Scientific name: Lentinellus ursinus (Fr.) Kuhner
Derivation of name: Lentus means "pliable" and
"tenacious" as in chewy and ellus is the diminutive form.
Urs- means "bear" in reference to
the hairy brown cap.
Synonyms: Lentinus ursinus (Fr.) Fr.
Common name(s): Bear Lentinus.
Occurrence on wood substrate: Saprobic; solitary to
more often in groups and overlapping clusters on decaying
deciduous wood and sometimes conifer wood; summer
Dimensions: Caps 2.5-10 cm wide.
Cap: Reddish brown, paler toward the margin; surface
covered with dark brown hairs especially toward the base.
Gills: Whitish to pinkish-brown; radiating from point of
attachment to substrate; edges coarsely serrated, irregularly
Spore print: White.
Edibility: Inedible, bitter.
Comments: There are a number of other Lentinellus
species (e.g., Figure 6 shows Lentinellus vulpinus)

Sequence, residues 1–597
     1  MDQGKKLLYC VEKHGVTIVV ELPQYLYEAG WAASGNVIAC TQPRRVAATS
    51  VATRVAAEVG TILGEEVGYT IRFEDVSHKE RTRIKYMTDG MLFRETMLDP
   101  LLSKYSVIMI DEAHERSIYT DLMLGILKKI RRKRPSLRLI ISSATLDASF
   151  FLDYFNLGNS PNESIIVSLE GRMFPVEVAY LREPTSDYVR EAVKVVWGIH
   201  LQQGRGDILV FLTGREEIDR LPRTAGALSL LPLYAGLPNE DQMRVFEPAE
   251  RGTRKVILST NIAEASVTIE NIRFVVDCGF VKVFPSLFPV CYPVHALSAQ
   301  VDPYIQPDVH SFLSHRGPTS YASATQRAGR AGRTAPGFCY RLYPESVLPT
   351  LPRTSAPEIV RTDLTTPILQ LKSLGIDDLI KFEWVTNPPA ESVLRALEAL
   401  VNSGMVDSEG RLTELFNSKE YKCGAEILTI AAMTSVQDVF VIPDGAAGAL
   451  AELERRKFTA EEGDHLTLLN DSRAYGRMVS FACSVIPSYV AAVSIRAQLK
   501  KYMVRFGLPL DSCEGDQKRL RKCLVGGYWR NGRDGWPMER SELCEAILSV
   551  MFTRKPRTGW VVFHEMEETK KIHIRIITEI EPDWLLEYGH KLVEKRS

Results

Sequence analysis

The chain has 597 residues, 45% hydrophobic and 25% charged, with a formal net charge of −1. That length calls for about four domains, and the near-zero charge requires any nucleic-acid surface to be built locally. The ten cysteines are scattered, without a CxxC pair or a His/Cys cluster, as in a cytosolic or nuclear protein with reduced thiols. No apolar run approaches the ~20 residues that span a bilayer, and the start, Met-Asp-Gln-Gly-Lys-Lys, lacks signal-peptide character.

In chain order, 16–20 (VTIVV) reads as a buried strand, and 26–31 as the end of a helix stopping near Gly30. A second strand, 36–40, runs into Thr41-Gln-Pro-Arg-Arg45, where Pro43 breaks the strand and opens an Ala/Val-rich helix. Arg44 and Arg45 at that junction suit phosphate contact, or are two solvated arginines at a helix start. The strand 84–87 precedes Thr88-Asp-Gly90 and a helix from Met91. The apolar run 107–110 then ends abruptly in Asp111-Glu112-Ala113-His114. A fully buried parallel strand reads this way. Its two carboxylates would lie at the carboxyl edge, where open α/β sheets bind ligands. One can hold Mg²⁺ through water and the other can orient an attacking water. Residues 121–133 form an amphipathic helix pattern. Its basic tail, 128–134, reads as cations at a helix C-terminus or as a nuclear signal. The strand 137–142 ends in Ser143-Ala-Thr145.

and all are too bitter to be edible. My keys include
only two of the more common and conspicuous
Lentinellus omphalodes and Lentinellus
The presence of amyloid spores distinguishes
Lentinellus from the genus Lentinus.
More information at MushroomExpert.com:
Figure 1. Overlapping clusters of bear lentinus on
© Larry Grand.
Lentinellus ursinus. Photo © George
Figure 3. Here and in Figure 1. note that the cap margins are
often lobed. Photo © William Roody.
Figure 4. Serrate gill edges and torn gills are characteristic of
Lentinellus ursinus. Photo © Gary Emberger.
Figure 5. At first, this seems like a typical specimen of
Lentinellus ursinus. The surprise was in the nature of the
gills. See Figure 6.
© Bill Bakaitis.
Figure 6. Note the gills that are somewhat poroid and the
lack of clearly serrated gill edges. The specimen in Figure 5
and 6 was
photographed by Bill Bakaitis and distributed to
several mycologists who agreed that the mushroom, while
unusual, was Lentinellus ursinus. Photo
© Bill Bakaitis.
Figure 7. Lentinellus ursinus as it might appear on the
collection tables during a
foray. Photo © Gary Emberger.
Figure 8. This is a photograph of Lentinellus vulpinus
which resembles L. ursinus in several respects. Unlike L.
ursinus, L. vulpinus caps are attached to short, lateral
stalks that narrow downward and fuse with others to form
a common base.